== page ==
Re: [PanoToolsNG] Re: smaller camera
- I suggest that a compact camera and a fisheye adapter is not really a good
way to go. With the higher resolution of modern compact cameras, the flaws
of any fisheye adapter will be magnified. Soft edges with lots of CA is
what you can expect.
I have an LX3 which is one of the best compacts and I tried it with both
the Nikon fisheye lens adapters -- the FC-e8 and FC-e9 and the results were
not useable even with 6 around.
You can get good wide angle lenses for compacts. Panasonic makes a very good
wide angle converter, the DMW LW46 which makes about a 18mm lens. You can
do 3x6 around and get very good results.
I've put a lot of thought into trying to figure out a compact+fisheye that would give you
a 4 to 6 + nadir or zenith and currently I don't think there is such a combo
that is worth bothering with.
I haven't put my hands on a Sony or G series Panasonic. I'm very interested
in both. They are about the same size as a compact. Just can't afford them
so I stick with multi-row panos on my LX3.
> Depending on how small you want to go (and the quality you seek), you could indeed go for a P+S with fish-eye adapter. Higher end P+S have raw capabilities, or with CHDK you may be able to access raw images on cameras with no native raw support. Fish-eye adapters are definitely available for some of these cameras. I couldn't recommend a particular setup or vouch for the quality as i haven't used such a setup. I have however used CHDK with much success and know it can enable raw. I guess it's up to you to decide where the balance between size and quality lays.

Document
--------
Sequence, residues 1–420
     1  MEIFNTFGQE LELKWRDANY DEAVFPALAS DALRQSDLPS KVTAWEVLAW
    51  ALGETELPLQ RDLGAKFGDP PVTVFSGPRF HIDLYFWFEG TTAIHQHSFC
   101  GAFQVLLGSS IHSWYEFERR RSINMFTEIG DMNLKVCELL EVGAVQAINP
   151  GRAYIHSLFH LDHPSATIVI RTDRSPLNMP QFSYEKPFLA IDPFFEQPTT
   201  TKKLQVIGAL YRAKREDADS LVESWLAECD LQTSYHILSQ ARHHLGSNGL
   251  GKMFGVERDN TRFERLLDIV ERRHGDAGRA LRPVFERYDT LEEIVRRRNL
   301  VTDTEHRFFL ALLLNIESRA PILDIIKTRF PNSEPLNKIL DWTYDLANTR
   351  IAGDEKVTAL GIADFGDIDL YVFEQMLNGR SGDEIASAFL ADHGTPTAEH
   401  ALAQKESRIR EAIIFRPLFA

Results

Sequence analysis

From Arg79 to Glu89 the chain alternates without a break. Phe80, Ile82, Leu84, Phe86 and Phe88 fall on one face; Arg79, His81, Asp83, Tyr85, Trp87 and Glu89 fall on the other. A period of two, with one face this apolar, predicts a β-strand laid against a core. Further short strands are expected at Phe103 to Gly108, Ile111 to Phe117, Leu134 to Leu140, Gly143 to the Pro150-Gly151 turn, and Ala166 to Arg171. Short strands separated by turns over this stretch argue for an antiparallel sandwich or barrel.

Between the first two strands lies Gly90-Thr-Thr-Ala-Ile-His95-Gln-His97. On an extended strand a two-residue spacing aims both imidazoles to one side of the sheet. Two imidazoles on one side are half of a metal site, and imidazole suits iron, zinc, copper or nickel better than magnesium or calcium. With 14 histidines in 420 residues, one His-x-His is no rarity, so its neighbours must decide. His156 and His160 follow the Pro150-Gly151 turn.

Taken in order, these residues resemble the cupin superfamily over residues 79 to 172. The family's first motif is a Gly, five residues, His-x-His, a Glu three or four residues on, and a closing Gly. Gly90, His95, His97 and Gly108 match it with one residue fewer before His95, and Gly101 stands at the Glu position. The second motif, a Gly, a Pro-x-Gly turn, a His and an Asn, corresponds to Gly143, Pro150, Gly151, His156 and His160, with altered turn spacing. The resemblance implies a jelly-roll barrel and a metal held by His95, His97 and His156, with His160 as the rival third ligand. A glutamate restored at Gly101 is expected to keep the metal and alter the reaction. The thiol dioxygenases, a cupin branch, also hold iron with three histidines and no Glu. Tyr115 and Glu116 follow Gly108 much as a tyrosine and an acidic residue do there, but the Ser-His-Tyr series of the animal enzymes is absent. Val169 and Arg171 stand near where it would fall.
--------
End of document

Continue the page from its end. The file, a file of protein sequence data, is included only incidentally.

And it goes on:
> --- In PanoToolsNG@yahoogroups.com, web@... wrote:
>> I've been using a D300 and D700 for my panoramas, but am looking for something smaller and lighter for 360s, preferably with raw file storage and video, for remote trips where weight (and saving my back) are a priority. Something like a high-end point and shoot with a fisheye adapter is what I'm thinking of. I've only done a quick search thus far and came across the Lumix fisheye and the GF2 body is the sort of size I'm looking for, but I know nothing about them or how well 360s turn out with it. Any suggestions or links to prior discussions would be appreciated; feel free to contact me directly as well.
- The problem with adapters is that they need to match the optics
of the host camera or there will be various kinds of distortions
from vignetting to severe chromatic aberration to soft corners.
If you are going for a compact plus wide or fisheye adapter,
you will get the best results with adapters purpose built
for that particular camera. The early Nikons like the 5400
and 8400 worked well (for their day) with the Nikon fisheye adapters.
So if you are getting a P7000, go to the Nikon web site
and be sure it is compatible with the fisheye or wide
angle adapter you use.
Just selecting adapters because they are available is not
necessarily going to give you good results.
> Does any one have experience with Nikon P7000 and FC-E9 fisheye adapter? Apparently they can be attached together using a UR-E22 tube with 46-52mm adapter ring. This is kind of the size I was looking for -- a compact camera with full manual controls and raw files that I can keep in a pant pocket, then pull out an adapter from a backpack when needed for sphericals. I found an example of this on Flickr http://www.flickr.com/photos/raneko/5157116441/
> I'm not familiar with these sorts of attachments, but if I understand correctly the image circle is smaller than the sensor? This seems to waste a lot of pixels; it does also look like a big, fragile thing and I saw some comments about the intermediate adapters not quite fitting right. The only other wide angle attachment I could find for the P7000 was the WC-E75A, but it doesnt seem quite wide enough to be really useful for sphericals. Is there something in between these two of high quality?